A study published in Arthritis Care & Research analyzes the use of mud baths versus standard treatment as a way to help reduce pain and improve function in patients with knee osteoarthritis.
According to the study, a single cycle of mud bath therapy (MBT) not only helped reduce pain and improve function, it was also cost-effective—saving about €672 (approximately $730) in healthcare costs per patient annually with a gain of 0.08 quality-adjusted life years, per a release from Arthritis Care & Research.
“These findings support a positive recommendation for the use of mud-bath therapy as short-term complementary therapy in the management of knee OA,” lead author Oriana Ciani, PhD, of the University of Exeter, England, says in the release.
The study included 103 participants with bilateral knee OA, all of whom received standard are that included exercise, intermittent courses of symptomatic slow-acting drug for OA, or intra-articular hyaluronic acid.
All of the participants were assigned to either the control or treatment group. The control group received the standard care, and nothing more. The treatment group, however, received the standard care plus 12 applications of daily mud packs combined with hot mineral baths over a 2-week period.
During the study period, the participants were given diaries, where they documented not only their use of drug treatments, but also laboratory and imaging tests, visits to general practitioners and specialists, and use of physical therapies and devices, per the release.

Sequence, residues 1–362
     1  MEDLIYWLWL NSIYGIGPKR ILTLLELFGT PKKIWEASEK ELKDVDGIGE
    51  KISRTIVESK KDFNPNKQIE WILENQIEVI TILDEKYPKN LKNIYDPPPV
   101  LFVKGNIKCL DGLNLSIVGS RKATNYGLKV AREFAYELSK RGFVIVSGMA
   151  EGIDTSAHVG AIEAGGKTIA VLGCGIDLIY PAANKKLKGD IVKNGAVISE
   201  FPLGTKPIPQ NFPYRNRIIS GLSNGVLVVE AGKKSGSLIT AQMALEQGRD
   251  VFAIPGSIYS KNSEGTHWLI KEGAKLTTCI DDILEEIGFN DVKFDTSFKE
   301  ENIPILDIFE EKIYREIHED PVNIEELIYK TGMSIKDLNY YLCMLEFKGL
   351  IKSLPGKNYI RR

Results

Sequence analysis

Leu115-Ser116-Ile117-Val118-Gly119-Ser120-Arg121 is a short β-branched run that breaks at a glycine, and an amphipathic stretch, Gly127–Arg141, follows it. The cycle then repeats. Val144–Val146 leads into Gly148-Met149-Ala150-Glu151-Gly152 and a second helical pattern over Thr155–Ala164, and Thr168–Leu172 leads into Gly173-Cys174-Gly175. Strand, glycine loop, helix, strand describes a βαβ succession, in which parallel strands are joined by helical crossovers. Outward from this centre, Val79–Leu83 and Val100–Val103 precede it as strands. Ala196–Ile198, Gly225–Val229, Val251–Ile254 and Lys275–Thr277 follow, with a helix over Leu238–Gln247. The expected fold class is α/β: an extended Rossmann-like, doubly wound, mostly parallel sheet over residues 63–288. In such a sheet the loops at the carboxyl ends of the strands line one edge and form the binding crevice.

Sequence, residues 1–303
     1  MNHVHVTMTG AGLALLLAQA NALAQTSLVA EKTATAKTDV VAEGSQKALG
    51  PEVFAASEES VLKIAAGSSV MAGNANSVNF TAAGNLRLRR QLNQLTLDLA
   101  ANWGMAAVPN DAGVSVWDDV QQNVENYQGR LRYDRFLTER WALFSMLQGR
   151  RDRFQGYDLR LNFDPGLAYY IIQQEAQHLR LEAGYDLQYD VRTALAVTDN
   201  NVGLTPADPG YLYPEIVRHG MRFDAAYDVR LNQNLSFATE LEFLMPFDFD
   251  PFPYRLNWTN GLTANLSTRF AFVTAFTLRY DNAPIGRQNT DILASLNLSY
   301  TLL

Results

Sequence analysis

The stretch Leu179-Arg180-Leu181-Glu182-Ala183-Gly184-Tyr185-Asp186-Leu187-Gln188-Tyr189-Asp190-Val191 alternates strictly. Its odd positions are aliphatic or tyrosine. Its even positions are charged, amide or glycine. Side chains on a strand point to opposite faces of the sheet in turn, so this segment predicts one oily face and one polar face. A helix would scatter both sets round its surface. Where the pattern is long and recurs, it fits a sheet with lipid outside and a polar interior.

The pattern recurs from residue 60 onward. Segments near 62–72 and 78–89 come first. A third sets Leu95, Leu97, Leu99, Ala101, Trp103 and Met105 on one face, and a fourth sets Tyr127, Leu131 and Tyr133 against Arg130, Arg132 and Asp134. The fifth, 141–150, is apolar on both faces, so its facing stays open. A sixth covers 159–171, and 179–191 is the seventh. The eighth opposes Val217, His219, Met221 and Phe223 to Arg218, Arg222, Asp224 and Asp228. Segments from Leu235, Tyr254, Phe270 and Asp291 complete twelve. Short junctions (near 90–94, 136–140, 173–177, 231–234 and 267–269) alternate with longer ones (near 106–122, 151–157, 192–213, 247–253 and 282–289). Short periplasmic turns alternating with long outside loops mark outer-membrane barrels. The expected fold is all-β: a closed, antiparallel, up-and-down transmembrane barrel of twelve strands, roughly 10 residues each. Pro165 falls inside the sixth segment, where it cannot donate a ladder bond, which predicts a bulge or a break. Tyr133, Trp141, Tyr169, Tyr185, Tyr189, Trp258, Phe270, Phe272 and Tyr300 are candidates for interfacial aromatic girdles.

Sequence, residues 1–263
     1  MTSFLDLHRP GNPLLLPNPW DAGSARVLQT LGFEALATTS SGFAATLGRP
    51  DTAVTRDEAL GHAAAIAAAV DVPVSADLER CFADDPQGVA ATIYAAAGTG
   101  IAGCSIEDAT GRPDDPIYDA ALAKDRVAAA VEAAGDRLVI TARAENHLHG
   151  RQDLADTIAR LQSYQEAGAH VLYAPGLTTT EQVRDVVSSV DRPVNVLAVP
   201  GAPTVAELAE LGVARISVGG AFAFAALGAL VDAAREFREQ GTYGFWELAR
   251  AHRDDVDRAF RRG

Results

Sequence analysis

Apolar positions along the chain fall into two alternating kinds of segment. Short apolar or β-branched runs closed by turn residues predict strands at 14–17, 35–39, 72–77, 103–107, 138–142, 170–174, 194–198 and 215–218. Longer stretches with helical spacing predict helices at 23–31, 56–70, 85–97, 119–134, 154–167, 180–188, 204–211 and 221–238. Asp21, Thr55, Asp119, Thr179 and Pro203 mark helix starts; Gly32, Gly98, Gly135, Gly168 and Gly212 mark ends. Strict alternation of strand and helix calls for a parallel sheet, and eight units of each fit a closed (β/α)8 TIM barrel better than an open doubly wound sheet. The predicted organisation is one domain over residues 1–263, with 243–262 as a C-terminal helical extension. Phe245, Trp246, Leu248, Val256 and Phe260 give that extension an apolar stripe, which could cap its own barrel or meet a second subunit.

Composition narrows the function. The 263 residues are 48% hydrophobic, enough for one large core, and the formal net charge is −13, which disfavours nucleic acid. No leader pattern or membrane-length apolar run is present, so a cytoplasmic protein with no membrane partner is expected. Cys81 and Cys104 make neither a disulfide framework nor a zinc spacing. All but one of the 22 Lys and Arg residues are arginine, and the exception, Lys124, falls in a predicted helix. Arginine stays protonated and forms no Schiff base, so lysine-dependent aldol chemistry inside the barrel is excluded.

After studying the participants’ diaries, the researchers note that the average 12-month cost in the MBT group was €303 ($330) versus €975 ($1,060) with usual care (P<0.001). Costs were lower with MBT in nearly every category; the two most significant were intra-articular hyaluronic acid injection (€257 lower) and hospitalization (€244 lower).
Subjects receiving the mud baths also had better outcomes on the quality-adjusted life years (QUALY), a metric that combines expected length of life and quality of life. Overall, patients receiving mud-bath treatments accrued on average 0.835 QUALY during the study period whereas average QUALY in the control group was 0.753 (P<0.001), the release explains.
However, the researchers note that, post-study, the beneficial effect of mud baths waned quickly. The patients’ quality of life scores peaked at the end of the 2-week MBT treatment period, but by the end of follow-up, they were only slightly better than those recorded from participants in the control group.
Physical therapist John Garzione, PT, DPT, notes in the release that the study “”brought up many interesting findings” related to the use of mud baths in knee OA, but “I don’t think this is really new.” Other heat-based therapies are available at a potentially less cost, he adds.
“I would hope that the authors would repeat the study, with the same subjects, to see if repeated mud-bath/mineral bath treatments would have the same effect again after being off the treatment for 9 months,” Garzione states.
[Source: Arthritis Care & Research, MedPage Today]